Over the last decade Raja Ampat has become, deservedly, one of the most desirable diving destinations in the world. The region is home to more than 1000 species of fish and over 70% of the world’s hard coral species, and perhaps of even more interest to the diving experience, some of the most breathtaking underwater scenes imaginable.
The excellent, new 146 page Diving Indonesia’s Raja Ampat by Burt Jones and Maurine Shimlock is, to date, the only diving guidebook published about the archipelago. It is an honest, respectful, engaging and sumptuously illustrated description of the diving opportunities in this unique and important region. Its packed with information too.
The cover of Diving Indonesia’s Raja Ampat.
The book has been produced in cooperation with Conservation International and starts with detailed explanations of the unique biodiversity and the reasons for it. It also introduces the holistic and considered conservation strategy for the region and its links with the local community. The majority of the pages are dedicated to the diving, sensibly dividing the archipelago into bite-sized morsels, giving a general introduction to the area’s dives before detailed site descriptions.
The book contains more than 130 dive site descriptions complete with GPS coordinates and diving directions. Dive sites are listed with both Indonesian island names and English names. It reviews all the famous sites, but Jones and Shimlock are keen to encourage us to dive the less celebrated sites as well, to fully appreciate Raja Ampat’s defining characteristic – diversity.
This publication is well timed. Until recently Raja Ampat was not well explored. Many cruise directors had their favourite route and many had not dived that widely in the islands. As recently as 2006, one “expert” advised me that my planned trip to SE Misool was a waste of time!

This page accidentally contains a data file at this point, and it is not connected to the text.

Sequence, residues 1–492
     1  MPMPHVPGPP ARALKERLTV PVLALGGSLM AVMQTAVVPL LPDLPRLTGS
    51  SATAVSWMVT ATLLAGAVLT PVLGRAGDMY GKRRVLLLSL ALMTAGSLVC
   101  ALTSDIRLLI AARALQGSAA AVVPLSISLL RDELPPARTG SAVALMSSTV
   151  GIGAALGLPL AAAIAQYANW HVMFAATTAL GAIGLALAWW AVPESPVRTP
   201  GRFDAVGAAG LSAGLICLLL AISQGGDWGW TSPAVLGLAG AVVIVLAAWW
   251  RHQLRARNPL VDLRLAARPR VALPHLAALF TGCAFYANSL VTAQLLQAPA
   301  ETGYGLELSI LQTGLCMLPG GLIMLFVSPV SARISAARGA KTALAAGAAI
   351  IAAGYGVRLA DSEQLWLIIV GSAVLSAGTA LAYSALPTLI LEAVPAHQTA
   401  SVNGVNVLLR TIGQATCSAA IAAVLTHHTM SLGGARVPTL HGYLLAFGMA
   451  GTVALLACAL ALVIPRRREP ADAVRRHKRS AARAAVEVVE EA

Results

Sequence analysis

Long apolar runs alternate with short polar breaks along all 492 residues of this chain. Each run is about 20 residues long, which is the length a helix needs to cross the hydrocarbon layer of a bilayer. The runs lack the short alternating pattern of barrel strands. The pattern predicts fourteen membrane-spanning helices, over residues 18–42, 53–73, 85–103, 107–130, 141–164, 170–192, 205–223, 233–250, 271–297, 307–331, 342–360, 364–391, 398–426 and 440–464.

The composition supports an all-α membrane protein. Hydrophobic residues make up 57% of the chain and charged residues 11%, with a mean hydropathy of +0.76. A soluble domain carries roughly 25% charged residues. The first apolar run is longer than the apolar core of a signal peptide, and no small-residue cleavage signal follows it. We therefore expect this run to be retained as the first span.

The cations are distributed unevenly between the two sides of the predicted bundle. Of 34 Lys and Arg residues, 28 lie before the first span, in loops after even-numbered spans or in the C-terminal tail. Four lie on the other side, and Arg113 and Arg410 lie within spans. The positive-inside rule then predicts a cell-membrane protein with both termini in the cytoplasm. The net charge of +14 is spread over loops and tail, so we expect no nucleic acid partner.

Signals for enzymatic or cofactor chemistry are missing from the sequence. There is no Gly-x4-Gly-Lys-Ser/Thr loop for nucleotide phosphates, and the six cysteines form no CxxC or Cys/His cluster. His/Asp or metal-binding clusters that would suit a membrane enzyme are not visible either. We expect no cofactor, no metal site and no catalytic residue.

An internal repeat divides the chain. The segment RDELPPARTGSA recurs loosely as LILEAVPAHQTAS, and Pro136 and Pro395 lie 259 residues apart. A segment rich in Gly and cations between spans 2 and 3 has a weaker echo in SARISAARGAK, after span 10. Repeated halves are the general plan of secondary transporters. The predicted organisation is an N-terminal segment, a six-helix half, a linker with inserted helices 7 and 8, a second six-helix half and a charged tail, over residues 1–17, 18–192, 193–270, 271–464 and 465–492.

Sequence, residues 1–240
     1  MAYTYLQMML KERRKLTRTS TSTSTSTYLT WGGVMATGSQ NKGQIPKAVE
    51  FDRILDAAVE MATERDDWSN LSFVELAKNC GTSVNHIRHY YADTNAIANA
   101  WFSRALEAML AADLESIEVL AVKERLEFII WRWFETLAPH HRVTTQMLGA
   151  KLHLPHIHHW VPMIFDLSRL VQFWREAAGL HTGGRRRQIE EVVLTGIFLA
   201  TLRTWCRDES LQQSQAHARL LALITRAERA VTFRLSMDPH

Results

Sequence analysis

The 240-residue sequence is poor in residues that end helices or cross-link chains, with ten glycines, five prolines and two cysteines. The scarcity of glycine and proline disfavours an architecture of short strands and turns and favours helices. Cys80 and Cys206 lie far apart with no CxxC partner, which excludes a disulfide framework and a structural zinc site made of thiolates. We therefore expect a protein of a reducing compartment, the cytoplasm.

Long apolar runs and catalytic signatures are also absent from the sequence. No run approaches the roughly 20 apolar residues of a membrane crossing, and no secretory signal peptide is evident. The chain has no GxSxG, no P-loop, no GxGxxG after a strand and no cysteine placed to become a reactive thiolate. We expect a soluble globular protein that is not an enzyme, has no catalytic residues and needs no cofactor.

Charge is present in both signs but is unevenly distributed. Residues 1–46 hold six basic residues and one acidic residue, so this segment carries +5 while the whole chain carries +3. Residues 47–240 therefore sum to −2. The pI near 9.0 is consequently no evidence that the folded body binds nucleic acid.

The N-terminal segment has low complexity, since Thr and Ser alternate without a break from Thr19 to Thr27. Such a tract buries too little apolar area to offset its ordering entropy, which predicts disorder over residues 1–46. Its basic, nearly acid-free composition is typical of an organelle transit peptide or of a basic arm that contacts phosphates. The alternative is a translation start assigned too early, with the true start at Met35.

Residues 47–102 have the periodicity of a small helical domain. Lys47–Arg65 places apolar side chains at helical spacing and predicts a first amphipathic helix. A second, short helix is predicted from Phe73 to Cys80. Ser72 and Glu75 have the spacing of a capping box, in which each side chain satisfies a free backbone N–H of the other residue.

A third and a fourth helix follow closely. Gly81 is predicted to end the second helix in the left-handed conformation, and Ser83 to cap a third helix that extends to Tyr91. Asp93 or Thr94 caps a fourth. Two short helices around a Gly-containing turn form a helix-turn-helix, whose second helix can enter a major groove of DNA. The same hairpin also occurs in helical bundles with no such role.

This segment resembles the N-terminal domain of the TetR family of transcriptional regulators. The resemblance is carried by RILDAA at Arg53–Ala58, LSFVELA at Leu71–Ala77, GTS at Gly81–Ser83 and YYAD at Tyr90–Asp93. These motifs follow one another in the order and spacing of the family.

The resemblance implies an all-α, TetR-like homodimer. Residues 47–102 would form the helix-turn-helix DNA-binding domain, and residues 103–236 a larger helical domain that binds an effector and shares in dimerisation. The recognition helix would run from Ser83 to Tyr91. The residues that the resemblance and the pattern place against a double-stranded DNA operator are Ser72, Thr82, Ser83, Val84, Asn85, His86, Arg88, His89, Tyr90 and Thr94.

The last few seasons have seen a change in attitude, cruise directors have pooled their knowledge and itineraries are much more diverse. Also more boats have meant more divers and more exploration. Diving Indonesia’s Raja Ampat completes this process, accruing this knowledge for all.
A typical spread from the book, which is lavishly illustrated.
That said it is important to stress that Raja Ampat covers a massive area and will never be fully explored underwater. No book could cover it comprehensively. Sensibly, the authors encourage readers, on several occasions in the text, to keep on exploring.
I have never met the authors, but I feel they would make excellent liveaboard companions. They balance the need to provide authoritative information with a humility in their writing that gives the text a most engaging tone. They deal with the recent crocodile attack in the Nampale mangroves sensibly and sensitively.
I particularly enjoyed how quotes from famous explorers are woven into the narrative, especially where quotes are linked to places you will actually visit. Reading the one hundred and fifty year old words of British naturalist Alfred Russell Wallace about the famous Passage dive site was a real thrill. What a great way to whet the appetite for a dive there.
Photographically the book contains some excellent images, particularly wide angle, which would look even better in a larger format. However, the small size and light weight make this book a highly suitable travel companion. The wide angle photos are of a high standard and will provide some inspiration for photographers on their travels. The fish photographs are perhaps not as standout, which I believe reflects the fact that despite being home to 1320 species of our finned friends, Raja Ampat is not the best location for fish photography. The fish there are just sometimes seem a bit wild! That said the selection of images gives an excellent impression of the diversity of life and scenery.
Negatives are hard to find in a book that so accurately fulfils its brief. It would be nice if the dive sites were labelled on the maps with names, rather than just location flags. Diving depths are listed only in metres, which means a bit of mathematics for those who don’t dive metric. And it seems strange that diagrams have been included for just a handful of sites. But I am nit-picking here.
Another spread from the book, featuring some excellent images.
In summary, this is an ideal book whether you are curious about Raja Ampat, considering it seriously or have already been. Even R4 veterans will learn something and enjoy reliving old memories. The book is the perfect size to travel with and costs a very reasonable $25 USD. But the price tag should come with a warning: reading it is highly likely to cost you much more. As I turned the pages I found that the words and pictures of Jones and Shimlock left me desperate to be back amongst the wonders of Raja Ampat.